Hiramatsu Yoshirō, Summary of Tokugawa Criminal Justice, 22 Law in Japan: An Annual 105 (1989), Daniel H. Foote (Compiler and translator)
The summary set forth below is derived principally from the late Professor Yoshiro Hiramatsu's-comprehensive study of Tokugawa criminal justice. Hiramatsu's work focusses on the period from the promulgation of the Osadamegaki by the Shogun Yoshimune in 1742 through the end of the Tokugawa era in 1867. (As described by Professor Dan F. Henderson, Conciliation and Japanese Law, Tokugawa and Modern (1965), Vol. 1, at 7, fn. 26, the Osadamegaki, which consisted of two books, constituted "a compilation and rough codification of prior decrees and precedents", and "was the only such official attempt to systematize the law in the Tokugawa period." The First Book focused primarily on administrative matters, the Second Book on criminal matters.)
During the Tokugawa era there were numerous separate criminal justice systems. Some of these were based on territorial authority. For example, each of the roughly 265 Daimyo domains (the han) had its own criminal justice system. Other systems derived from the authority of an organized body. This was the case, for.example, with the criminal justice system of the organization for eta and other outcasts. For still other bodies, such as temples and shrines, the criminal authority derived from both territorial and organizational aspects. The largest criminal justice system, however, was that of the Tokugawa Shogunate. The Shogunate held by far the largest domain and also ruled the major cities, such as Edo (now Tokyo), Kyoto, and Osaka. Part I of Hiramatsu's work discusses the criminal justice systems of the Daimyo, temples and shrines, and other organized bodies; Part II examines the Shogunate (bakufu) criminal justice system. The summary set forth below focusses on the latter materials.
Before turning to Hiramatsu's description of the Shogunate criminal process, a brief summary of the various participants is in order. At the center were the Shogun himself, as well as a Senior Council (rojli), and Conference Chamber (hyojosho); the so-called Three Commissions (sanbugyo)―the Towns Commission (machi bugyo), Temples and Shrines Commission(jisha bugyo) and Finance Commission (kanjo bugyo); the Roads Commission (dochD bugyo); and the office for the control of incendiaries and thieves (hitsuke tozoku aratame). In addition, there were Governors, Deputies, and Commissioners for Kyoto, Osaka and the various distant provinces, as well as magistrates for more rural districts and towns. These officials were assisted by a broad range of lower officials. These included Great Inspectors (ometsuke) and Inspectors (metsuke), whose duties included monitoring the performance of duties by other officials; lnvestigating Officers (ginmimono shirabeyaku) whose duties included conducting investigations and recording the results; Recording Officers (tomeyaku), whose duties included conducting trials, researching precedents and drafting documents; and two levels of police/investigators, yoriki and doshin. As the following account reveals, private parties, including the so-called meakashi, also played a significant role in the criminal justice system.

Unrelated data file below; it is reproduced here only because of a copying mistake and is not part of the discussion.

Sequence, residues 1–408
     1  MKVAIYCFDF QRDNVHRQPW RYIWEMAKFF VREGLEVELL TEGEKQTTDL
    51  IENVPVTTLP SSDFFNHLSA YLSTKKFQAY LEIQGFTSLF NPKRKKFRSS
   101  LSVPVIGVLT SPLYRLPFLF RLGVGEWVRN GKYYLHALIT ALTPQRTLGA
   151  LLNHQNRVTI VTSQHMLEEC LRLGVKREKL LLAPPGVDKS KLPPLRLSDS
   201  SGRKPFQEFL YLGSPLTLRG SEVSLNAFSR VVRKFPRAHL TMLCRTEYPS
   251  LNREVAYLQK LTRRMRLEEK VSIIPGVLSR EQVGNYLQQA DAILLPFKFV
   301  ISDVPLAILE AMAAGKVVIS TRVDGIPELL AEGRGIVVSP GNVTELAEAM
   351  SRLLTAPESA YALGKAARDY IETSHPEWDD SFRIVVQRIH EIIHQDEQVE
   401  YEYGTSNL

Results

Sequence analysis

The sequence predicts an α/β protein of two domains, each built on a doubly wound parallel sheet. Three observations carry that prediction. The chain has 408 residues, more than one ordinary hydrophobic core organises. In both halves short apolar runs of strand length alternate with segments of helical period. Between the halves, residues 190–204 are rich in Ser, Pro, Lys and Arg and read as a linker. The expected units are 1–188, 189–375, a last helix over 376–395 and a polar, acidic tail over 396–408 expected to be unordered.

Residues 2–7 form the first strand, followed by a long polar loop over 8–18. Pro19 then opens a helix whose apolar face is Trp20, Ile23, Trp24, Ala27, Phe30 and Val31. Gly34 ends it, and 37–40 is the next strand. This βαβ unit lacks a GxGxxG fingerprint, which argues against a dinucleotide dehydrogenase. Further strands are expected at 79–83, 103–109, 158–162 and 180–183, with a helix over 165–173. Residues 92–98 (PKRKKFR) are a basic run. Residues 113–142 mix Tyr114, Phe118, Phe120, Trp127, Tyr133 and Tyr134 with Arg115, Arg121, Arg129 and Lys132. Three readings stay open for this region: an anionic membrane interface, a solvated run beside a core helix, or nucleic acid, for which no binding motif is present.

The following summary reflects my own sifting process. I have included the information that I felt to be most important and/or interesting; but I certainly have not attempted to translate verbatim, Or even to summarize, everything that appears in the nearly 700 pages of Part II of Hiramatsu's work. To assist anyone who may be interested in pursuing particular issues further, I have indicated the relevant Chapter and Section headings from the original work, as well as the relevant page numbers. For the most part, I have simply summarized, rather than translating directly. In certain instances, however, especially when dealing with Hiramatsu's own conclusions, I have felt it appropriate to include verbatim translations. In those cases, I have used quotation marks.
Yoshiro Hiramatsu, Kinsei keijisoshoho no kenkyu, Part II (Bakufu Criminal Procedure); Second Division. (The First Division of Part II, from pages 403 to 597, focusses on the general organizational structure, briefly summarized above, as well as such topics as jurisdiction, sources of law, and private punishment authority. The Second Division focusses on the criminal justice process itself.)